Wednesday, November 21, 2012

Lessons in Technical Trading talks about mistakes in trading.
The report asked a question from its subscribers: "what is the most important thing you've learned about investing, trading, and/or the markets?"

Some of the lessons learned were:

  • Success takes longer than expected
  • That you must learn to trade and trust yourself and not to become so dependent on the opinions of others, which ultimately keeps you from becoming the best you can be
  • The very best profit opportunities occur in the midst of extreme emotional sentiment
  • Persistence and dedication to a daily routine is key
  • Developing an edge is the first step for trading successfully. Without that, disciplined trading will only make sure you gradually losing money
  • You have to respect the market even if you think it is under some kind of manipulation
  • Anything can happen. Trading is all about probabilities
There is more in the report which was mentioned earlier.
Dennis Gartman gives a set of trading rules. The basic themes are:
  • Capital comes in two varieties: Mental and that which is in your pocket or account. Of the two types of capital, the mental is the more important and expensive of the two. Holding to losing positions costs measurable sums of actual capital, but it costs immeasurable sums of mental capital.
  • In bull markets we can only be long or neutral, and in bear markets we can only be short or neutral. That may seem self-evident; it is not, and it is a lesson learned too late by far too many.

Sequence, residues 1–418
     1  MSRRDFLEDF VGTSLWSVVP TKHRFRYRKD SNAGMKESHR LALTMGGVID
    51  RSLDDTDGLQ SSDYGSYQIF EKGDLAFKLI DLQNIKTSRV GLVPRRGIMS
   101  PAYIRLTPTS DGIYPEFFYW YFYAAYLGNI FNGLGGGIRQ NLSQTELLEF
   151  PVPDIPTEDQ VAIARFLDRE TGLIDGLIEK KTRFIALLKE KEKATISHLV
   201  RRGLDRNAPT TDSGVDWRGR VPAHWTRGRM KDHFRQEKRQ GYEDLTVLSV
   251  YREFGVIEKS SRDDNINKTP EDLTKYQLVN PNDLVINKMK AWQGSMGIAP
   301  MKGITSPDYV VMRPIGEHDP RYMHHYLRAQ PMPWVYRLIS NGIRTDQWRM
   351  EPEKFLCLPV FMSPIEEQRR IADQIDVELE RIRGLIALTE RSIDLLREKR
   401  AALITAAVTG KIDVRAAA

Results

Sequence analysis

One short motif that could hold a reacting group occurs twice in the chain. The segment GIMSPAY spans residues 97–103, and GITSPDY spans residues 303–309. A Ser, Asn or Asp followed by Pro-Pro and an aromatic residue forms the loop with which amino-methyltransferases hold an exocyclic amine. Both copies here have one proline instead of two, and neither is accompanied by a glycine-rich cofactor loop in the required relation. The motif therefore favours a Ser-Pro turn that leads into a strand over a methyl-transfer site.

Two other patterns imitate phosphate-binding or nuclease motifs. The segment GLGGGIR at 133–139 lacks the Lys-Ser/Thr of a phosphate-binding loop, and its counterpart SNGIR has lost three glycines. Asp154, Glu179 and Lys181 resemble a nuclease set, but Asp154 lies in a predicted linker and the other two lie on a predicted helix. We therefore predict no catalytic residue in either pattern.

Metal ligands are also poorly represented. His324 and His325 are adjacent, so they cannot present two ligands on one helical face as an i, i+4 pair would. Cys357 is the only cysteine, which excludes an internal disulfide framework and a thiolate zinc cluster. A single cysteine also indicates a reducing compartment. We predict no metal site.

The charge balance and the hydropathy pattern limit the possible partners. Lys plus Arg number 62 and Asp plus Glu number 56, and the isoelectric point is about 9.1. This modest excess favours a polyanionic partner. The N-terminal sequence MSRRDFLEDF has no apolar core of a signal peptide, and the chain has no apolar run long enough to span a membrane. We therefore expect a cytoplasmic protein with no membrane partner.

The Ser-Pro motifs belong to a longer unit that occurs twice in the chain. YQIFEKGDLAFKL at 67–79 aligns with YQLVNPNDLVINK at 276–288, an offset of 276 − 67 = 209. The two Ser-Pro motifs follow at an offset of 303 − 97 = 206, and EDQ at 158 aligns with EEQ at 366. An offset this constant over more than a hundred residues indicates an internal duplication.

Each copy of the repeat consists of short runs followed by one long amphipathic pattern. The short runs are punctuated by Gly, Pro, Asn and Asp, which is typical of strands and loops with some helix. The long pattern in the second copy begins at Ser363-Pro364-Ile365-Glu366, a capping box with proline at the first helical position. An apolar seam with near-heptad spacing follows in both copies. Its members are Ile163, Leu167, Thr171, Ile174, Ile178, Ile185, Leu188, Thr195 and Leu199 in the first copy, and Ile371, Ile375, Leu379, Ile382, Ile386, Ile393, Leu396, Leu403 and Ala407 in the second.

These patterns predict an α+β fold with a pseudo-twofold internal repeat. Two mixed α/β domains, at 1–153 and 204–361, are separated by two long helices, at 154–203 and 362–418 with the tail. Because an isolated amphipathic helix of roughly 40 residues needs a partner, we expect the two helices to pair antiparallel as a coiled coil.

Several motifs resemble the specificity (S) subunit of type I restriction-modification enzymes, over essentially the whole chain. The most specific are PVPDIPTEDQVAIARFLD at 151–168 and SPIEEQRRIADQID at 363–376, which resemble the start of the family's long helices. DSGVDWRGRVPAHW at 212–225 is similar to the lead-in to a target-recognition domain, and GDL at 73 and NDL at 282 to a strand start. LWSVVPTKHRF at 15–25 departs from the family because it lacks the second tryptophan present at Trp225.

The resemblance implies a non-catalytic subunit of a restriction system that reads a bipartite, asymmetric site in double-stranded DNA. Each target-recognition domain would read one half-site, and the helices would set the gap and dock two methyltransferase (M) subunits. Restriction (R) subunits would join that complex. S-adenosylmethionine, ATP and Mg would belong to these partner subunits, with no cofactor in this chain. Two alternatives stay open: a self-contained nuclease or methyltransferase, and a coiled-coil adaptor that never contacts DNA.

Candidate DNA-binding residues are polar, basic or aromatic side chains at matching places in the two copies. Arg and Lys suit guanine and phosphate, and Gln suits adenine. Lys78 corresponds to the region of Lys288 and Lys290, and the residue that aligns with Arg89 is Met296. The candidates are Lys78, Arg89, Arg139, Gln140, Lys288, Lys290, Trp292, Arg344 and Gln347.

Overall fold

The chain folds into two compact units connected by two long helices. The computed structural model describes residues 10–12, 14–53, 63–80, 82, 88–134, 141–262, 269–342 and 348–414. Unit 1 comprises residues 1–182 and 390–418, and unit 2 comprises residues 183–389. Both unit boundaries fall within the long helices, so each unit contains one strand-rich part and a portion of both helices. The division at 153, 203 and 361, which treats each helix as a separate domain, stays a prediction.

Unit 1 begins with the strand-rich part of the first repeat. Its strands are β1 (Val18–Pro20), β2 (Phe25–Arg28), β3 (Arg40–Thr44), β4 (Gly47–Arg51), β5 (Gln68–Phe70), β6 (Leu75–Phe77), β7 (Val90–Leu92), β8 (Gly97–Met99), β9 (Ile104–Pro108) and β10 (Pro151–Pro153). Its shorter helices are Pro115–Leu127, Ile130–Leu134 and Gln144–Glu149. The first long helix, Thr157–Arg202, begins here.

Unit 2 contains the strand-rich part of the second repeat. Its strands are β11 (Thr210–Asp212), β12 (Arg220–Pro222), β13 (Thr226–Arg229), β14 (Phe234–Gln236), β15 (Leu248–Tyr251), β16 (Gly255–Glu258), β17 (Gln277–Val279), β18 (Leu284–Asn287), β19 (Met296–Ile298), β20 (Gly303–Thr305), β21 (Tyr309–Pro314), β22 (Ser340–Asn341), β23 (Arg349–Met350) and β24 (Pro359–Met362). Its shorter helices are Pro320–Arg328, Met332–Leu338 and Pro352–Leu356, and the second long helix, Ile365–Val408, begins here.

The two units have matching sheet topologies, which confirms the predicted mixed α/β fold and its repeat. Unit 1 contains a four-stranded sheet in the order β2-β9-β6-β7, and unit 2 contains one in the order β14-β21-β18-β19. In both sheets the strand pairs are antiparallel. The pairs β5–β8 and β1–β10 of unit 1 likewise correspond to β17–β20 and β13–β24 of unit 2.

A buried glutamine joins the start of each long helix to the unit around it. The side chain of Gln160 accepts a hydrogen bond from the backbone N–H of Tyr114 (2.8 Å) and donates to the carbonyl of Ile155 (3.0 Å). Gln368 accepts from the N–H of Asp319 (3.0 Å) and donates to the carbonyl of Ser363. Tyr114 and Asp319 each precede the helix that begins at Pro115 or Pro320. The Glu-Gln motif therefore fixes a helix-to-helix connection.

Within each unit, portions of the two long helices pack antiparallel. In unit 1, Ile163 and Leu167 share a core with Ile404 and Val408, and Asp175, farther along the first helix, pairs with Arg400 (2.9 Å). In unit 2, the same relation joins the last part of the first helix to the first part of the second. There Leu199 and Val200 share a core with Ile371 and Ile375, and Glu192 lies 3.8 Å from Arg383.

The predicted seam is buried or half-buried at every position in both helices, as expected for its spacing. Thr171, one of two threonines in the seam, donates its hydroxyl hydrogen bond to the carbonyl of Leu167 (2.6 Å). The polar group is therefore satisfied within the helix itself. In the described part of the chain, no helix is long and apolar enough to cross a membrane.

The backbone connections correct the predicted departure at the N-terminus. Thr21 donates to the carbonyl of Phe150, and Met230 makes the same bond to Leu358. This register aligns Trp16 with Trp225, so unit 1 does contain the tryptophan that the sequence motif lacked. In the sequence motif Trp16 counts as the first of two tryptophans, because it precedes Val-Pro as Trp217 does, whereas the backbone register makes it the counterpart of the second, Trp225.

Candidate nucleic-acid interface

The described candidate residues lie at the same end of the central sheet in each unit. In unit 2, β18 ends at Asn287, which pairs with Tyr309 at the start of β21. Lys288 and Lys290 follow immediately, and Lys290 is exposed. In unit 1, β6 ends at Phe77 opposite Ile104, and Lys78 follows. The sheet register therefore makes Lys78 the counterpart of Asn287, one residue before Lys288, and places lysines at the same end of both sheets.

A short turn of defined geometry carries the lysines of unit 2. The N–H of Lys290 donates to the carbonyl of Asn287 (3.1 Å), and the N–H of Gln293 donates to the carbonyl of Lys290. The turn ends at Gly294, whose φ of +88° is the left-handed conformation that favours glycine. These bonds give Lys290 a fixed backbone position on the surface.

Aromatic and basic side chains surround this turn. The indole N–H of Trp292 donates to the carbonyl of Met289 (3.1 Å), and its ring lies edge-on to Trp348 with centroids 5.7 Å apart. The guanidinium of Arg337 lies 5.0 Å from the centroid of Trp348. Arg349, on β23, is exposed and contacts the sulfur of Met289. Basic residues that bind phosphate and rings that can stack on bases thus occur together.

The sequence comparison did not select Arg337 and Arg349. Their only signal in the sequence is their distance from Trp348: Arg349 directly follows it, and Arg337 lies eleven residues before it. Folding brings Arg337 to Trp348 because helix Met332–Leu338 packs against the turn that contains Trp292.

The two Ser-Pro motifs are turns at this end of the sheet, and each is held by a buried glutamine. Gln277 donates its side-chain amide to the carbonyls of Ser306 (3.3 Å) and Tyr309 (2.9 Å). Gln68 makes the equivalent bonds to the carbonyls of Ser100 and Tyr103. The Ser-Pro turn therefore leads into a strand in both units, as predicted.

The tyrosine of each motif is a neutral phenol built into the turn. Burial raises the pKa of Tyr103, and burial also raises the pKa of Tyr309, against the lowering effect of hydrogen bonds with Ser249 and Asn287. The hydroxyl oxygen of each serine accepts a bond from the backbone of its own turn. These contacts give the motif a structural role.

• Try to trade the first day of a gap, for gaps usually indicate violent new action. We have come to respect “gaps” in our nearly thirty years of watching markets; when they happen (especially in stocks) they are usually very important.
  • Trading runs in cycles: some good; most bad. Trade large and aggressively when trading well; trade small and modestly when trading poorly. In “good times,” even errors are profitable; in “bad times” even the most well researched trades go awry. This is the nature of trading; accept it.
  • Keep your technical systems simple. Complicated systems breed confusion; simplicity breeds elegance.


Dinesh said...

Dear Sir,
Thanks for sharing. I think experience and simplicity are very important. The other good advise was with regards to independence. I would like to add that it is better to start small, test the water, adjust the style (if required) and move on.

Dinesh Rishi said...

Developing an edge is the first step for trading successfully. disciplined trading will only make sure you gradually losing money

Sir can you plz explain a littel about this

"Without that,disciplined trading will only make sure you gradually losing money"

Rakesh Shethia said...

How can we differentiate between a normal trend and a trend forced upon.. i.e manipulated by a group of people. Similarly, how different would it be for such a trend to reverse. Latest example from you is Jet. Earlier one that I doubt is a rally in Tata motors that started from around Rs.139/-, and even Maruti. Your comments please.

Abhishek said...

Read Trading in the zone to get your answer